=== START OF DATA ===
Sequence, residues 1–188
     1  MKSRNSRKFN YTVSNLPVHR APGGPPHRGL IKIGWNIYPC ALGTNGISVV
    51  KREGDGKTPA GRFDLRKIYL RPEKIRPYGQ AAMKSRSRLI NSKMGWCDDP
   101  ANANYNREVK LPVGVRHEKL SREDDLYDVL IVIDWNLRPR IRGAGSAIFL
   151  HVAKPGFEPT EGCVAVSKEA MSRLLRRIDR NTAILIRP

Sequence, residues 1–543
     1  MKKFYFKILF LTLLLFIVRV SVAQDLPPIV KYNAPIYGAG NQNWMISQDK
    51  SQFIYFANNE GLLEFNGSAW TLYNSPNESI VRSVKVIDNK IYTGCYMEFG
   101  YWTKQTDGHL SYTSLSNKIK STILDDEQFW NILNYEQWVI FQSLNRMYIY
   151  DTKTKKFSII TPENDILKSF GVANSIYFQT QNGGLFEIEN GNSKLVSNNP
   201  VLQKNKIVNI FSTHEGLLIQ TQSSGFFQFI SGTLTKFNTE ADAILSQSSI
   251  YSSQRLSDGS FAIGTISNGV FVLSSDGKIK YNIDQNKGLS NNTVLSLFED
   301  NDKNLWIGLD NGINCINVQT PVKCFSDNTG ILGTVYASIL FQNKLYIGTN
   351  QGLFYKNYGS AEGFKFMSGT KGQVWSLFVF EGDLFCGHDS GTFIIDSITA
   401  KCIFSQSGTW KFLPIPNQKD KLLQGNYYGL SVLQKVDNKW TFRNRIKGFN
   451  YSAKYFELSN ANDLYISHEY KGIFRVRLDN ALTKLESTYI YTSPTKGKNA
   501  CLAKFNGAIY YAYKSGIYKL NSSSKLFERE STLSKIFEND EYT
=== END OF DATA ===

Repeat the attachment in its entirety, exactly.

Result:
Sequence, residues 1–188
     1  MKSRNSRKFN YTVSNLPVHR APGGPPHRGL IKIGWNIYPC ALGTNGISVV
    51  KREGDGKTPA GRFDLRKIYL RPEKIRPYGQ AAMKSRSRLI NSKMGWCDDP
   101  ANANYNREVK LPVGVRHEKL SREDDLYDVL IVIDWNLRPR IRGAGSAIFL
   151  HVAKPGFEPT EGCVAVSKEA MSRLLRRIDR NTAILIRP

Sequence, residues 1–543
     1  MKKFYFKILF LTLLLFIVRV SVAQDLPPIV KYNAPIYGAG NQNWMISQDK
    51  SQFIYFANNE GLLEFNGSAW TLYNSPNESI VRSVKVIDNK IYTGCYMEFG
   101  YWTKQTDGHL SYTSLSNKIK STILDDEQFW NILNYEQWVI FQSLNRMYIY
   151  DTKTKKFSII TPENDILKSF GVANSIYFQT QNGGLFEIEN GNSKLVSNNP
   201  VLQKNKIVNI FSTHEGLLIQ TQSSGFFQFI SGTLTKFNTE ADAILSQSSI
   251  YSSQRLSDGS FAIGTISNGV FVLSSDGKIK YNIDQNKGLS NNTVLSLFED
   301  NDKNLWIGLD NGINCINVQT PVKCFSDNTG ILGTVYASIL FQNKLYIGTN
   351  QGLFYKNYGS AEGFKFMSGT KGQVWSLFVF EGDLFCGHDS GTFIIDSITA
   401  KCIFSQSGTW KFLPIPNQKD KLLQGNYYGL SVLQKVDNKW TFRNRIKGFN
   451  YSAKYFELSN ANDLYISHEY KGIFRVRLDN ALTKLESTYI YTSPTKGKNA
   501  CLAKFNGAIY YAYKSGIYKL NSSSKLFERE STLSKIFEND EYT